Skip to product information
1 of 10

"Three Wise Men" Antique Fukusa

"Three Wise Men" Antique Fukusa

Good Omen

Regular price $149.00
Regular price $199.00 Sale price $149.00
Sale Sold out
Shipping calculated at checkout.
  • Ships from NY
  • One-of-a-kind
  • Sourced from Japan
This listing is for a vintage - perhaps antique - fukusa gift cover. See explanation below for how fukusa are used and a bit about their history.

This fukusa is large-scale (see measurements) and beautifully, finely painted. The image is of three sages examining a text that no doubt offers best wishes or congratulations. A crane watches over the group from the right, and another one approaches overhead. The face of each man conveys a warmth and charm that makes the piece quite special.

The backside is not red - as is typical - it is a steel blue silk with a white family crest in the corner - one that we haven't seen before. It is a sakura (cherry blossom) on a folding fan shape - lovely.

As with many antique silk textiles, the back side shows its age with some weakened fibers along the fold line and three small holes that expose the inner cotton lining. But this work of art is very likely over 100 years old and is much more valuable than the current market recognizes. It is still in very good condition and could be framed or displayed - or used!

From Wikipedia:
Fukusa are a type of Japanese textile used for gift-wrapping or for purifying equipment during a Japanese tea ceremony. Fukusa are square or almost square pieces of lined fabric ranging in size from about 9–36 inches (230–910 mm) along one side. They are typically made of fine silk, and may be decorated with embroidery in auspicious designs.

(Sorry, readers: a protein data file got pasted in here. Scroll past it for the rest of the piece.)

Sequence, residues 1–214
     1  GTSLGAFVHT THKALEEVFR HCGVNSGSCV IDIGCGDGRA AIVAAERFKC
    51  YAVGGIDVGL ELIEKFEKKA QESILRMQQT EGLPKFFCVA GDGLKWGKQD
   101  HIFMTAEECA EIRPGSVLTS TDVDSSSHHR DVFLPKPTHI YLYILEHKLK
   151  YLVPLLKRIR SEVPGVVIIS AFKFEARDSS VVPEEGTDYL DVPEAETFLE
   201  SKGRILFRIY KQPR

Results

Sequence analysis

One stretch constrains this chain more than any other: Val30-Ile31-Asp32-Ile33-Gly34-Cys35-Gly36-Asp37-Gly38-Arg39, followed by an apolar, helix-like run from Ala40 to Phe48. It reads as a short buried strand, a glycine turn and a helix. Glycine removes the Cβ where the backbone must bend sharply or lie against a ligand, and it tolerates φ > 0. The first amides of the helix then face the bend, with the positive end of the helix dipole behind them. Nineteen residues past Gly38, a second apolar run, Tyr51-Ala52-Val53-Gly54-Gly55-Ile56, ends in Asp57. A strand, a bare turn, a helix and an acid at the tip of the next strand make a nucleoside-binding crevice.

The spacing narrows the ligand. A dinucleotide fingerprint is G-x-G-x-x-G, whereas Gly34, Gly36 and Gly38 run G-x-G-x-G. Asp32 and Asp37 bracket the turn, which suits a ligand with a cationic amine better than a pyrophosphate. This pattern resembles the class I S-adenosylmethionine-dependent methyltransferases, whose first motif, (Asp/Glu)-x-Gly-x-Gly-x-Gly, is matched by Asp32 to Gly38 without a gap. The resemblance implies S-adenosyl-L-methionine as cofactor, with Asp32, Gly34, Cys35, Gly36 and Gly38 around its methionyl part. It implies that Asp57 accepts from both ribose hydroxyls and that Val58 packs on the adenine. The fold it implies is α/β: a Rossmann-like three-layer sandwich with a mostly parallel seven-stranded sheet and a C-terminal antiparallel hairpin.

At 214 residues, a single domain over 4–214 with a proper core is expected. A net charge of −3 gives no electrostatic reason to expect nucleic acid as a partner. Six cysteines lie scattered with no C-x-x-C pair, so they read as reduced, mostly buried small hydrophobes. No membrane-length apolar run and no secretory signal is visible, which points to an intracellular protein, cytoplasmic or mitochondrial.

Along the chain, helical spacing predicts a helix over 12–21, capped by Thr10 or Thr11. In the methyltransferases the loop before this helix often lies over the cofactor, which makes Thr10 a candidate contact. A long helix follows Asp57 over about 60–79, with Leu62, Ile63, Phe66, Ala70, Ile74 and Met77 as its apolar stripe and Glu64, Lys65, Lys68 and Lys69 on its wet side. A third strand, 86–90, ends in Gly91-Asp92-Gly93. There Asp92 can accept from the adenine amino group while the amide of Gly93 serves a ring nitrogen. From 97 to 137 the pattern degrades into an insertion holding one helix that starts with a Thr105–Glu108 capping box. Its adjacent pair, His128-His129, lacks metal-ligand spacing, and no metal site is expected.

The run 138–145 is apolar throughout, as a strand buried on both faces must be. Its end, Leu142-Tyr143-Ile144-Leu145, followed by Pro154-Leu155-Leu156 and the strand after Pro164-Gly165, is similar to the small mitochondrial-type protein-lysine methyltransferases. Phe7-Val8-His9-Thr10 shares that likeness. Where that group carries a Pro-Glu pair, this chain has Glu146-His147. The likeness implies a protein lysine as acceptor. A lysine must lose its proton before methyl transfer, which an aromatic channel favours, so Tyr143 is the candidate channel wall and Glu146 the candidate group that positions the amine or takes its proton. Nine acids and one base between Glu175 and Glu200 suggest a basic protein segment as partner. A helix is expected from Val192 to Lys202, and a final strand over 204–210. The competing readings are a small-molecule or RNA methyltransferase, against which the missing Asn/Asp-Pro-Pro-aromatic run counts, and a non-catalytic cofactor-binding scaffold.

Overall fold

The use of fukusa as a way of presenting gifts has mostly died out, lingering instead mainly in certain ritual exchanges of gifts during weddings in a few regions of Japan.

Traditionally in Japan, gifts were placed in boxes or on a wooden or lacquered tray, over which a fukusa would be draped. The choice of a fukusa appropriate to the occasion was considered an important part of the gift itself, and part of its formality. The practice of covering a gift became widespread during the Edo period (1603-1867).

The scene or motifs depicted on fukusa are chosen to indicate either the occasion for which the gift is being given, or because they are appropriate for one of the annual festivals when gifts are exchanged. The richness of the decoration of the fukusa attests to the giver's wealth and aesthetics.

Once a gift was exchanged, after being admired, the fukusa and box or tray presented with the gift are typically returned to the gift's original giver. However, before the Meiji Restoration, when gifts were presented to a high official, the fukusa was not always returned.

Length: 29.5"
Width: 25.5"
Made In (Estimated): 1950s
Condition: Very Good
Fiber: Silk
Technique: Painted
Colors: Multi
Motifs: Figures, People, Mythology


Low stock: 1 left

View full details